CenturyLink (NYSE: CTL) plans to pass an additional 300,000 homes with its Prism IPTV service this year.
Speaking at the Goldman Sachs 23rd Annual Communacopia Conference, Stewart Ewing, CFO and EVP of CenturyLink, told investors he expects to end the year with a total of 2.2 million homes passed.
"At this point, we will have added 300,000 homes by the end of the year to the footprint we had at the beginning of the year," Ewing said. "We'll be up to about 2.2 million homes passed."
The service provider is still looking at other areas where it will bring Prism IPTV next. Potential targets for IPTV service expansion would be the Denver market and others where it has seen good service take rates like Omaha, Neb., where it offers a 1 Gbps fiber-to-the-home (FTTH) service.
"We do have service available in one of the markets adjacent to Denver, and we'll look to edge out in other areas of Denver first and then other markets would come after that based on the experience that we have seen," Ewing said. "We had a good experience in Omaha, in Colorado Springs, and Phoenix so we'll expect over time to roll out more Prism TV."
While CenturyLink recognizes the challenges of building a profitable business from video, the service provider, like AT&T (NYSE: T), sees value in bundling IPTV with other services.
"The margins aren't that great in terms of selling the content because we don't have the scale that the large cable companies have, but it does make the customer stickier," Ewing said. "Over 95 percent of the customers that take the Prism service also take our high speed Internet service and they tend to take higher speed service because they have to have 25 Mbps to get the Prism service."
Ewing added that "even though the margins are not what we're accustomed to in some of the other products and services we offer, we think the benefits of having the service are significant enough to roll it out on a facilities basis."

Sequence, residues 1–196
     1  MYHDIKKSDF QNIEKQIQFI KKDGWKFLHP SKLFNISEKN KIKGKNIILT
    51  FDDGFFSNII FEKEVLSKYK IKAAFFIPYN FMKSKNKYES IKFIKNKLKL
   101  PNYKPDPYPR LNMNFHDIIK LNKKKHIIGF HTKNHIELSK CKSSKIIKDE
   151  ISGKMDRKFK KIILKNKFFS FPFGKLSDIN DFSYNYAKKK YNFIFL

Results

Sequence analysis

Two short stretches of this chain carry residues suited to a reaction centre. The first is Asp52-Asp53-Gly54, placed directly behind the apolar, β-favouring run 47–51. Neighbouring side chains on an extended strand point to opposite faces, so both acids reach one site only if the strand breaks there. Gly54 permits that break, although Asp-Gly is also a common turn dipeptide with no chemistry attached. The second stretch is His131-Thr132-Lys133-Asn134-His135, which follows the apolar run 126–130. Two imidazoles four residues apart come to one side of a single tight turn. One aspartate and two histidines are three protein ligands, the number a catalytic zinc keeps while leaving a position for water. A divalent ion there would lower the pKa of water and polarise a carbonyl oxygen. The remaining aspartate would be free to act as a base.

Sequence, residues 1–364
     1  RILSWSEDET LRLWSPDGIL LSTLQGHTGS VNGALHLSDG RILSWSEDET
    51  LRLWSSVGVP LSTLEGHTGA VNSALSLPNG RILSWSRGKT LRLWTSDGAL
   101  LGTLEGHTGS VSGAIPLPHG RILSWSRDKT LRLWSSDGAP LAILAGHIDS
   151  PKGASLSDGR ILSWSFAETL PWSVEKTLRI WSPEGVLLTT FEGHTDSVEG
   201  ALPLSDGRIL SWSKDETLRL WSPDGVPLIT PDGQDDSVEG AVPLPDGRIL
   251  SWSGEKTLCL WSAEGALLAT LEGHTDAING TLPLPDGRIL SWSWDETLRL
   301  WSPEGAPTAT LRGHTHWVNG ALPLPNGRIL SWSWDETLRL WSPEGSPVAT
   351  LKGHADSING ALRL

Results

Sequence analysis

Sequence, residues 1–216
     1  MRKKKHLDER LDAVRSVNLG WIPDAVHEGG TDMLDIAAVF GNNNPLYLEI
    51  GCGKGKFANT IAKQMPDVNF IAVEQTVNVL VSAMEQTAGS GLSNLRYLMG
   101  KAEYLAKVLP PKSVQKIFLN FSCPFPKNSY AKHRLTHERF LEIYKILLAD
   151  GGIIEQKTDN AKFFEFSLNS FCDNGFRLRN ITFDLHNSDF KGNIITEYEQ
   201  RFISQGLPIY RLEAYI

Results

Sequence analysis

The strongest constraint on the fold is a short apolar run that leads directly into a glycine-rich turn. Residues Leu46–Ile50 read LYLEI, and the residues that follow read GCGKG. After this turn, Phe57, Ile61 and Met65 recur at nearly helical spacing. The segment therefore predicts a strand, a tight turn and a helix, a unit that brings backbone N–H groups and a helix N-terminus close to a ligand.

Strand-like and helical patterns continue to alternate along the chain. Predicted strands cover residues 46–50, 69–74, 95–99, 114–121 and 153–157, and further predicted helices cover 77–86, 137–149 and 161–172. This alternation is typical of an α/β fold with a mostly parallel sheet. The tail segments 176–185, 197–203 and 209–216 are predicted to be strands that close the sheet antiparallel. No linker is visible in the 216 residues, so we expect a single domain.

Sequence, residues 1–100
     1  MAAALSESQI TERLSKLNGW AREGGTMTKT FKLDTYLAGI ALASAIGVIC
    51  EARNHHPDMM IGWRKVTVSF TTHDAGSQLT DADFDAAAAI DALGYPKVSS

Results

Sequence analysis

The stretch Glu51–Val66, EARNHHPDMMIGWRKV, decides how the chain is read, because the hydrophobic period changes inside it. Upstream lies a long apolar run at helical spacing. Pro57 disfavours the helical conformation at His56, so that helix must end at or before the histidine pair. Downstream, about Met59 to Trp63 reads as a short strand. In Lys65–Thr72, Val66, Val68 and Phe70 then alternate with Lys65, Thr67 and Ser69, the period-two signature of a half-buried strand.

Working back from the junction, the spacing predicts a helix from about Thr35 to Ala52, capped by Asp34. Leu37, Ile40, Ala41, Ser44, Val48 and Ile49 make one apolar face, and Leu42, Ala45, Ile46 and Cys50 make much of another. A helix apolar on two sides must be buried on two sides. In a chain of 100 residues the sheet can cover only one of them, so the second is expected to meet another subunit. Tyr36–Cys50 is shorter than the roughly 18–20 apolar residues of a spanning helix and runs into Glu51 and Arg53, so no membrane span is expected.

CenturyLink continues to see the fruits of its IPTV labor pay off. In the second quarter, the service provider added nearly 16,000 Prism TV customers, increasing penetration of the more than 2.1 million addressable homes to approximately 10 percent.
In tandem with its growing IPTV business, CenturyLink has launched an aggressive proposal to bring 1 Gbps FTTH service to 16 markets over the next year.
During this campaign, the service provider plans to connect a mix of traditional residential homes and businesses to its GPON-based network.
"We'll connect more homes than we do business, but it's a combined strategy of getting the business park areas that are located fairly close to existing fiber as well as the neighborhoods that have the density and propensity that are cost effective to build," Ewing said.
The areas where it plans to build out FTTH are what CenturyLink says are less expensive to serve.
In areas where it has aerial cable, the average cost to pass each premise costs about $600. If CenturyLink brings a connection to a customer to deliver data and IPTV service, it would cost an additional $400 to $600, which covers the fiber drop, network interface device (NID) and a set-top box.
Although FTTH service adoption is a major priority for CenturyLink, Ewing said the company hopes it will provide a halo effect to attract more traditional DSL customers that reside outside the fiber footprint. This phenomenon has taken place in the Omaha market, which was the first market to get the FTTH service last year.
"We're hopeful that in these 16 cities that we go to we can be build enough fiber-to-the-home and fiber-to-the-business to get the buzz going in the community about the services we're offering there," Ewing said. "We find that like in Omaha, people outside of those areas that don't have fiber-to-the-prem call and request the Gigabit service, but most want the 20 and 40 Mbps services, a lot of which we can provide."
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